properties of the hair, capillary, and carbon nanotubes that make up the sensor design. This paper aims at expanding the
flow measurement concept using artificial hair sensors to UAVs with different dimensions by properly sizing the
parameters of the sensors, according to the nominal flight conditions of the UAVs. In this work, the hair, made of glass
fiber, will be modeled as a cantilever beam with an elastic foundation, subject to external distributed aerodynamic drag.
Hair length, diameter, capillary depth, and carbon nanotube length will be scaled by keeping the maximum strain of the
carbon nanotubes constant for different sensors under different working conditions. Numerical studies will demonstrate
the feasibility of the scaling methodology by designing artificial hair sensors for UAVs with different dimensions and
flight conditions, starting from a baseline sensor design.
An active area of research in adaptive structures focuses on the use of continuous wing shape changing methods as a
means of replacing conventional discrete control surfaces and increasing aerodynamic efficiency. Although many shape-changing
methods have been used since the beginning of heavier-than-air flight, the concept of performing camber
actuation on a fully-deformable airfoil has not been widely applied. A fundamental problem of applying this concept to
real-world scenarios is the fact that camber actuation is a continuous, time-dependent process. Therefore, if camber
actuation is to be used in a closed-loop feedback system, one must be able to determine the instantaneous airfoil shape as
well as the aerodynamic loads at all times. One approach is to utilize a new type of artificial hair sensors developed at
the Air Force Research Laboratory to determine the flow conditions surrounding deformable airfoils. In this work, the
hair sensor measurement data will be simulated by using the flow solver XFoil, with the assumption that perfect data
with no noise can be collected from the hair sensor measurements. Such measurements will then be used in an artificial
neural network based process to approximate the instantaneous airfoil camber shape, lift coefficient, and moment
coefficient at a given angle of attack. Various aerodynamic and geometrical properties approximated from the artificial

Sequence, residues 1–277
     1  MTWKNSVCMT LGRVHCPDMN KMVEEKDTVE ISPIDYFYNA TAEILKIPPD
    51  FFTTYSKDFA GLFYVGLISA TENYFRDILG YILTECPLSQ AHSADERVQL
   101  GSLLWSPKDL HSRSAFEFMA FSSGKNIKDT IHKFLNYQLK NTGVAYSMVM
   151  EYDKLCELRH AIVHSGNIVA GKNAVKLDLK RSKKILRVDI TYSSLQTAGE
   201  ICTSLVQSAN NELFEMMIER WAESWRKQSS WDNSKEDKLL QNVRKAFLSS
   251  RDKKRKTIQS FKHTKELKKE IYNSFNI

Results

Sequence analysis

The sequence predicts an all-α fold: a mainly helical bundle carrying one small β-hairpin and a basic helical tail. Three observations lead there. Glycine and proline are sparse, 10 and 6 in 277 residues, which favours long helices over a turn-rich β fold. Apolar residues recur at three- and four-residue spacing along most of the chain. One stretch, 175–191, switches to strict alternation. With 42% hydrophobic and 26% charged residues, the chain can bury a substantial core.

hair sensor and artificial neural network system will be compared with the results of XFoil in order to validate the
Origami structures morph between 2D and 3D conformations along predetermined fold lines that efficiently program the form, function and mobility of the structure. The transfer of origami concepts to engineering design shows potential for many applications including solar array packaging, tunable antennae, and deployable sensing platforms. However, the enormity of the design space and the complex relationship between origami-based geometries and engineering metrics places a severe limitation on design strategies based on intuition. This motivates the development of design tools based on optimization to identify optimal fold patterns for geometric and functional objectives. The present work proposes a topology optimization method using mechanical analysis to distribute fold line properties within a reference crease pattern to achieve a target actuation. By increasing the fold stiffness, unnecessary folds are effectively removed from the design solution, which allows fundamental topologies for actuation to be identified. A series of increasingly refined reference grids were analyzed and several actuating mechanisms were predicted. The fold stiffness optimization was then followed by a node position optimization, which determined that only two of the predicted topologies were fundamental and the solutions from higher density grids were variants or networks of these building blocks. This two-step optimization approach provides a valuable check of the grid dependency of the design and offers an important step toward systematic incorporation of origami design concepts into new, novel and reconfigurable engineering devices.